Bamboo stock tank update
I love to write about my gardening successes, but I think it’s equally important—although much less fun—to write about things that haven’t gone so well.
Since very little grows under the four mature bay trees in our backyard, we decided last December to install two 2x2x4 ft. galvanized steel stock tanks and plant bamboos in them. Click here and here to read about this project.
The goal was to have a lush screen that would hide the fence and our neighbor’s house just beyond it. Now, nine months later, I must admit that this goal has not been reached. I know that we will get there, but it will be a while. In hindsight, I made two critical mistakes: I picked the wrong bamboos, and I underestimated how long it would take to reach the desired look.
This is what the stock tank on the right-hand side looked like last week:
|Stock tank with Pseudosasa japonica ‘Tsutsumiana’ and Sasa megalophylla ‘Densa’ (and assorted potted bamboos that are parked there because it is a convenient spot to put them on drip irrigation)|
Mind you, the bamboo on the left had already been replaced because my original choice, Yushania maculata, died suddenly and mysteriously in early summer. The replacement is a green-onion bamboo (Pseudosasa japonica ‘Tsutsumiana’) I had been nursing. While it is a good bamboo for this spot, it’s small and would take a few years to provide that wow factor.
The bamboo on the right, Sasa megalophylla ‘Densa’, has languished even though it did produce new culms. I’m convinced now that sasas simply don’t like our summer heat—not a surprise considering they hail from northern latitudes in Japan and they’re among the hardiest of all bamboos. My Sasa veitchii has fared even worse (see the last photo below); all its leaves turned brown even though it had received regular water.
|Sasa megalophylla ‘Densa’|
After living with this unsatisfying situation for many months, I finally decided to make a radical change. This was precipitated by the fact that I had to move a large potted Phyllostachys aurea ‘Koi’ to make room for the arborists who recently trimmed our bay trees.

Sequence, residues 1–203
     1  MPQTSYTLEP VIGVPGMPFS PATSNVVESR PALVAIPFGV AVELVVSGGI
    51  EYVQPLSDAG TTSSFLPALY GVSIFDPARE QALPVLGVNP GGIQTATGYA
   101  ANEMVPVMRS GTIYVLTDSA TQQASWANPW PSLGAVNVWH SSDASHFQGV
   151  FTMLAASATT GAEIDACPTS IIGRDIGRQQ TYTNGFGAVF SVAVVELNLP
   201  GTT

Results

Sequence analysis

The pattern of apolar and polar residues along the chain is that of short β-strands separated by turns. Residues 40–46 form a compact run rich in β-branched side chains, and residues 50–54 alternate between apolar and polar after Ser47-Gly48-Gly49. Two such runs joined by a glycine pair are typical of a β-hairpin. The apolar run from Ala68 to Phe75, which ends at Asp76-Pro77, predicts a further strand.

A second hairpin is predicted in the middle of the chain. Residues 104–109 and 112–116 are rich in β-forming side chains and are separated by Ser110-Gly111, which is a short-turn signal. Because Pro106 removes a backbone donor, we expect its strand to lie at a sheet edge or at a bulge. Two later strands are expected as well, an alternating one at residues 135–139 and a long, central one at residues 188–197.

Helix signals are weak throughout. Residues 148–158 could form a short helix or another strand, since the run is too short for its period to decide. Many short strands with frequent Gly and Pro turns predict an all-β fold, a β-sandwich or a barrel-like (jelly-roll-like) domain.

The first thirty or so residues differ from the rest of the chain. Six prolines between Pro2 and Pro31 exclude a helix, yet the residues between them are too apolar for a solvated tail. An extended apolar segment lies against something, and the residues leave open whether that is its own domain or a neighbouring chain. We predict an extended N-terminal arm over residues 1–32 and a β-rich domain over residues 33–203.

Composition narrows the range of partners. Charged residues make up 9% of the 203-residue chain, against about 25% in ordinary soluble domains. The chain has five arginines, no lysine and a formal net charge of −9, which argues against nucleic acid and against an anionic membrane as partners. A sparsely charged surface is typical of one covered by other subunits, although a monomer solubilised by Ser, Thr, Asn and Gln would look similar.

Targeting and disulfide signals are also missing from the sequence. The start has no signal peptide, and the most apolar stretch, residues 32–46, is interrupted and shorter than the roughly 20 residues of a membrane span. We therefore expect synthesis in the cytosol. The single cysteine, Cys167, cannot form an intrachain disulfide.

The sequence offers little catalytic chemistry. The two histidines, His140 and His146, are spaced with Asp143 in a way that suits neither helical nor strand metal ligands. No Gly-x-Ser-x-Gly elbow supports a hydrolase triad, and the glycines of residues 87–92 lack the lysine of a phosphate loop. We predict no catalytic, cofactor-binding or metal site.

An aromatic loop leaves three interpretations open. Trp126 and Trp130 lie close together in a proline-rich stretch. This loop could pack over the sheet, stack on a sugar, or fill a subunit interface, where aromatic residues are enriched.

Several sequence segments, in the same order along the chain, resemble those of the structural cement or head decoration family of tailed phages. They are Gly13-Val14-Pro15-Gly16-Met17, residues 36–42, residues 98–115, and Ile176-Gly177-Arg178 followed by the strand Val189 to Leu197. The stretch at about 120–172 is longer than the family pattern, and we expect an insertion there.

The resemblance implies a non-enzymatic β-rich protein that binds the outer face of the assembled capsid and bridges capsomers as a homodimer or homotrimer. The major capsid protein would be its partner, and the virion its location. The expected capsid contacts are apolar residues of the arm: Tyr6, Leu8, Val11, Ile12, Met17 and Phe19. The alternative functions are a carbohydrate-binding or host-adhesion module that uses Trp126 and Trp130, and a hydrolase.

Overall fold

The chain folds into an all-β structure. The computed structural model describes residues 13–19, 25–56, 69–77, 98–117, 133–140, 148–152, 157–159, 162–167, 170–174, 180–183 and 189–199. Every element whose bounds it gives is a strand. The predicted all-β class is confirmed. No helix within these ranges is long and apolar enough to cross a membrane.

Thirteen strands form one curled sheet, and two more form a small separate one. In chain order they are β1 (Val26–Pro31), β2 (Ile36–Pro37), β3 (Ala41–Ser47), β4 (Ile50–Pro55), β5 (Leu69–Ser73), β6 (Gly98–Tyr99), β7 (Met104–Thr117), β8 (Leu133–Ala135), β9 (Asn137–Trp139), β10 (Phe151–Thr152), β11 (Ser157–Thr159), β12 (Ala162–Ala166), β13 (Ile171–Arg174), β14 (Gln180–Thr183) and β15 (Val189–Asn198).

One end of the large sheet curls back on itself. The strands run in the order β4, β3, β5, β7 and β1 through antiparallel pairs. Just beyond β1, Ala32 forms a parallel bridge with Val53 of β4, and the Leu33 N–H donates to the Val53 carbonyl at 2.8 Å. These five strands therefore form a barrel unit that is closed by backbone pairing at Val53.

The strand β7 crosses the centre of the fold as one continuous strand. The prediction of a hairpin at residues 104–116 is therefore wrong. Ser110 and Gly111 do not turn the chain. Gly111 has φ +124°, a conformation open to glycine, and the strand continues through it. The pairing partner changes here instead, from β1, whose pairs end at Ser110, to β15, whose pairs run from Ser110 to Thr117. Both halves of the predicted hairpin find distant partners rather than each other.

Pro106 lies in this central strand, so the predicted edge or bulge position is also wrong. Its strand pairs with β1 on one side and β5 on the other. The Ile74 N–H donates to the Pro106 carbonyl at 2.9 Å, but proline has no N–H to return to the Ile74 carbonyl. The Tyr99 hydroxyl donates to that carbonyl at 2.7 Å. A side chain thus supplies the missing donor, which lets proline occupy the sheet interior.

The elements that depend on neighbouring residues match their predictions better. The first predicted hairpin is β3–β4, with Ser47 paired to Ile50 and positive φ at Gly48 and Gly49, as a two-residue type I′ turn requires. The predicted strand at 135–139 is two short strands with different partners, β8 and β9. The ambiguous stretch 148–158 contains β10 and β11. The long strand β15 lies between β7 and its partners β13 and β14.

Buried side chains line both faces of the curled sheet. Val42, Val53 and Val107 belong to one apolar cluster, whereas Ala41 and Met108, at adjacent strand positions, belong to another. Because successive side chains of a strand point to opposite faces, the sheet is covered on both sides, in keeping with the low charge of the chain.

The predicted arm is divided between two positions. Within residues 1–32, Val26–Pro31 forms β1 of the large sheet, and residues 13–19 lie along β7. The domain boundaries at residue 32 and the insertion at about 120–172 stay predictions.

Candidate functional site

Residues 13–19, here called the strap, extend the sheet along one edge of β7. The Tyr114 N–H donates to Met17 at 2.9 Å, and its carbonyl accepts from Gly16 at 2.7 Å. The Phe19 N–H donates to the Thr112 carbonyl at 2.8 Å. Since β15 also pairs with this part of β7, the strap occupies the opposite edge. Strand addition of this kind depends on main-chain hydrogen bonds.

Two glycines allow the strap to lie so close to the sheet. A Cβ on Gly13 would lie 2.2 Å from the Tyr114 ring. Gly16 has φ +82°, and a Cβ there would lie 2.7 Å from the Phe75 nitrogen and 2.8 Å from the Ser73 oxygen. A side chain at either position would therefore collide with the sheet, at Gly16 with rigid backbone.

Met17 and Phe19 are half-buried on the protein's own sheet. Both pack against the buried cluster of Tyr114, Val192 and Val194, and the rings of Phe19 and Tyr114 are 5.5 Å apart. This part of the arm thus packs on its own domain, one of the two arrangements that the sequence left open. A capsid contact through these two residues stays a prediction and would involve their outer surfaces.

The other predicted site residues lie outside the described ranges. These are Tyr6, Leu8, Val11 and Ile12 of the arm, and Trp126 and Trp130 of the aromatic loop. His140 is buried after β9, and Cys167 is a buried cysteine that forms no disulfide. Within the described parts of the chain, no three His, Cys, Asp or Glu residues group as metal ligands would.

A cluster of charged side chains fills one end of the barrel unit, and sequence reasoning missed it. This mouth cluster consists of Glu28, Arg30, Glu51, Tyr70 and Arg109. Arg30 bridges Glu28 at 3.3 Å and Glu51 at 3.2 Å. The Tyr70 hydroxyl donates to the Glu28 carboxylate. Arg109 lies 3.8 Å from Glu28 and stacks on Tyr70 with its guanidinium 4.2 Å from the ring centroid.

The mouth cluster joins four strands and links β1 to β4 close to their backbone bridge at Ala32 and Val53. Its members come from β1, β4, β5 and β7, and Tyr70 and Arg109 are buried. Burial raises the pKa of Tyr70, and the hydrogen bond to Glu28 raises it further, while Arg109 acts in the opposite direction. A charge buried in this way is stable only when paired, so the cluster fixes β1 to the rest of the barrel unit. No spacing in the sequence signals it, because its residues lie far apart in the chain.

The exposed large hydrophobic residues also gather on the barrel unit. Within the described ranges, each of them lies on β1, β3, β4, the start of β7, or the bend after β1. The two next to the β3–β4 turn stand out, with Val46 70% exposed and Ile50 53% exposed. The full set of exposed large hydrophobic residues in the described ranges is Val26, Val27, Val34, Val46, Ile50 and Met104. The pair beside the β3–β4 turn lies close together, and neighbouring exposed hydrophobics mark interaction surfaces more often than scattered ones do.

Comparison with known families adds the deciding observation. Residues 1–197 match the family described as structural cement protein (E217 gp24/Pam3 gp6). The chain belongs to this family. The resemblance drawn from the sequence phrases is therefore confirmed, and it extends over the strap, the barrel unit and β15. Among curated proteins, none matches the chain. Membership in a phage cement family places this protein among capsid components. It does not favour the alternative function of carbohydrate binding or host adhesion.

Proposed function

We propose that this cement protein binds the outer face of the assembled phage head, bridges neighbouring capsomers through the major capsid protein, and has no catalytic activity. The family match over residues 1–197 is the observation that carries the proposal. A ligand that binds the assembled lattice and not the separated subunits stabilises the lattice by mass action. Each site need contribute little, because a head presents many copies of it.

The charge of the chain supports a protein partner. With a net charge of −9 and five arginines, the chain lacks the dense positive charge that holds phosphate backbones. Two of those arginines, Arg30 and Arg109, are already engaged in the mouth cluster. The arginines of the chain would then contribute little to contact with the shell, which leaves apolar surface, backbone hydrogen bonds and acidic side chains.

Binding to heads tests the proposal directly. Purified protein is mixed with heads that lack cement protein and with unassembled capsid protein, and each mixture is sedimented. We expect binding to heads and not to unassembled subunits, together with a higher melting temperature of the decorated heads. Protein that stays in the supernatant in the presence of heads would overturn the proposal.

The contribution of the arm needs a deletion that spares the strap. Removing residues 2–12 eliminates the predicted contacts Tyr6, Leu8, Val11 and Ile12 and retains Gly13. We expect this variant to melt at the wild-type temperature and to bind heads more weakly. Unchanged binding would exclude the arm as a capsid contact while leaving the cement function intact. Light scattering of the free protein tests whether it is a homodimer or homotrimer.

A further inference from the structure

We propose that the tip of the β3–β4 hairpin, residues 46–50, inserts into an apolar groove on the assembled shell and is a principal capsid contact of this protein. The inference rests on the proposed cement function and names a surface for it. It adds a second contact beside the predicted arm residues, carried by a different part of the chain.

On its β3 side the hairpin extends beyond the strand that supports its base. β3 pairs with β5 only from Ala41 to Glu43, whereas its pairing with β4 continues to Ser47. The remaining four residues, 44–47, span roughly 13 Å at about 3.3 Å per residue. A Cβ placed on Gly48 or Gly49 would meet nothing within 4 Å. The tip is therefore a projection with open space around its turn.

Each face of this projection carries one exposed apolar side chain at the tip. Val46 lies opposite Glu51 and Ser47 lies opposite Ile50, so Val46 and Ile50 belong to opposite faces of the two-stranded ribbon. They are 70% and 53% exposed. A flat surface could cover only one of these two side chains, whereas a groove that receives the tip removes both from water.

|Phyllostachys aurea ‘Koi’ in its old home under the Chinese pistache|
The Koi had completely filled this pot (18 in. tall and wide) and needed to be moved to a larger container. I was going to tackle that project last weekend when the proverbial light bulb went on in my head. Why not put the Koi in the stock tank?
|Phyllostachys aurea ‘Koi’ in front of the kitchen window after it had to be moved to make room for the arborists to throw bay tree branches over the fence|
And that’s exactly what I ended up doing. Initially, the Koi didn’t want to come out of the red pot, but after I loosened one recalcitrant rhizome with my hori-hori knife, the root-and-rhizome mass slid out quite willingly. I meant to take a photo of it but forgot; the rhizomes looked great, promising nice new growth next spring.
I had already removed the two bamboos from the stock tank and dug a large hole in the center. Plopping the Koi into the stock tank took no time at all, and within a matter of minutes the stock tank had been transformed. Finally it looked like what I had envisioned. I’m very happy with the result, and I think the small, yellowish leaves of the Koi create an atmosphere of elegant airiness in a spot that had been the epitome of dullness.
|Phyllostachys aurea ‘Koi’ in the stock tank|
The green-onion bamboo went into the red pot—and the same space—the Koi had previously occupied. There it can take its time to live up to its true potential.
The Sasa megalophylla ‘Densa’ is near the compost tumbler next to the side of the house until I decide what to ultimately do with it.
As for the 2nd stock tank, it’s not ready for primetime either, as you can see in the photo below.
However, I’m happy with the bamboos that are currently in it: Indocalamus tessellatus and Semiarundinaria yashadake 'Kimmei’. They’re still a few years away from giving me what I want, but I will be patient.
The Pleioblastus gramineus I had originally planted in the 2nd stock tank almost died (also because of high summer heat, I believe) and got moved to another pot where it’s currently trying to figure out whether it wants to live or not. In a sense, this was a valuable learning experience for me: Bamboos from extremely cold zones simply aren’t compatible with our climate, and no amount of wishful thinking will change that.